Caught on camera: the crooks who caused a crash to rip-off us all
The moment when a crash-for-cash gang targeted an innocent victim by creating a motorway accident has been caught on tape. The shock scenes – see video below – were taken from the victim’s car and used in court to help convict the criminals. But the staged “accident” is just one example of what is becoming the most common type of fraud in the UK, according to Aviva.
The insurer says motor injury fraud, now accounts for 54 per cent of Aviva’s total detected claims fraud costs. And more than half are from organised so-called “cash for crash” claims.
Organised fraud is often linked to wider gang-related crime – and puts innocent motorists at risk.
One of the more audacious staged accidents took placein Newcastle in 2009 when a mini-bus allegedly travelling from Newcastle to Edinburgh for a stag-event was supposed to have caused a collision with another car in a tunnel, resulting in alleged whiplash injuries to all occupants.
The scale of the injuries proportional to the supposed collision raised suspicions and further investigation by Aviva’s Special Investigations Unit and local Police was able to prove that the accident was entirely bogus.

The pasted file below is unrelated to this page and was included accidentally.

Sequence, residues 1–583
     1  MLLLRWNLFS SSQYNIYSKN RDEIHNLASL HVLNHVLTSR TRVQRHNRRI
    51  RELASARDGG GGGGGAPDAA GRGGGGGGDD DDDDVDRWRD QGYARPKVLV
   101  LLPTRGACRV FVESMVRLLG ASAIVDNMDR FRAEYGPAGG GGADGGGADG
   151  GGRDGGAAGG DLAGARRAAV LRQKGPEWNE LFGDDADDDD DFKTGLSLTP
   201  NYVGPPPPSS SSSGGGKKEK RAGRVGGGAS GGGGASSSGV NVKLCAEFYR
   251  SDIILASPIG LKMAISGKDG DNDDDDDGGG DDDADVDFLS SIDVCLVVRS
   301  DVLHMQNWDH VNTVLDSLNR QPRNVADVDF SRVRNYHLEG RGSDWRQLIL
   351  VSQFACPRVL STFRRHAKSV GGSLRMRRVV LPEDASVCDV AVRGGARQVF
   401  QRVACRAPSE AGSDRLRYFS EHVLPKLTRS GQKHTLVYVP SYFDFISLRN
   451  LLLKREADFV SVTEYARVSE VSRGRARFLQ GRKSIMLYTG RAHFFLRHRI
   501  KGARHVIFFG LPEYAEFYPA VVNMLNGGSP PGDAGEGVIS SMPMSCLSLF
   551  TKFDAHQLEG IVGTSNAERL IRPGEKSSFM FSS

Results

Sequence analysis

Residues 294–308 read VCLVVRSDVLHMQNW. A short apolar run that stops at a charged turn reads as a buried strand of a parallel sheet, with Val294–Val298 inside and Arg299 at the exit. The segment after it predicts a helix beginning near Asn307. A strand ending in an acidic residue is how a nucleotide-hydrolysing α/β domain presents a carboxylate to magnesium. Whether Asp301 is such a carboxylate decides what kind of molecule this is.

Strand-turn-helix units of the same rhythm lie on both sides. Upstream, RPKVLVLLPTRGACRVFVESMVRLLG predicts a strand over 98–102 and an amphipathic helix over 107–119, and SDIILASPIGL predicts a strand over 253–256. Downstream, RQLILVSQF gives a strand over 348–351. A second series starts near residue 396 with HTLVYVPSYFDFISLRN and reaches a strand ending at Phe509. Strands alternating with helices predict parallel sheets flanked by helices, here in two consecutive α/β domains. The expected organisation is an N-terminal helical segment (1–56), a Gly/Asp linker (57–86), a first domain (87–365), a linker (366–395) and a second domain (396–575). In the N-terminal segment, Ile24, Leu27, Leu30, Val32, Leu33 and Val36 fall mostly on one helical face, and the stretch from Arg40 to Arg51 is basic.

Specifically, CCTV showed that the other vehicle involved in the accident wasn’t at the scene at all. Aviva also linked the driver and passenger of the other vehicle to the occupants of the mini bus through social media sites.
Instead of the reported collision, the mini bus had been deliberately damaged elsewhere and then taken to the scene of the incident, where debris was scattered and the accident “staged”.
Tom Gardiner, Head of Fraud at Aviva, said: “We are witnessing a trend toward third party, injury and organised fraud. For example, in 2013, we identified fraud in one in nine, third party injury claims.”
The insurance giant detected more than £110m-worth of insurance fraud in 2013 – a 19 per cent increase compared with 2012. It said it detects over 45 fraudulent claims per day worth more than a total of £300,000.
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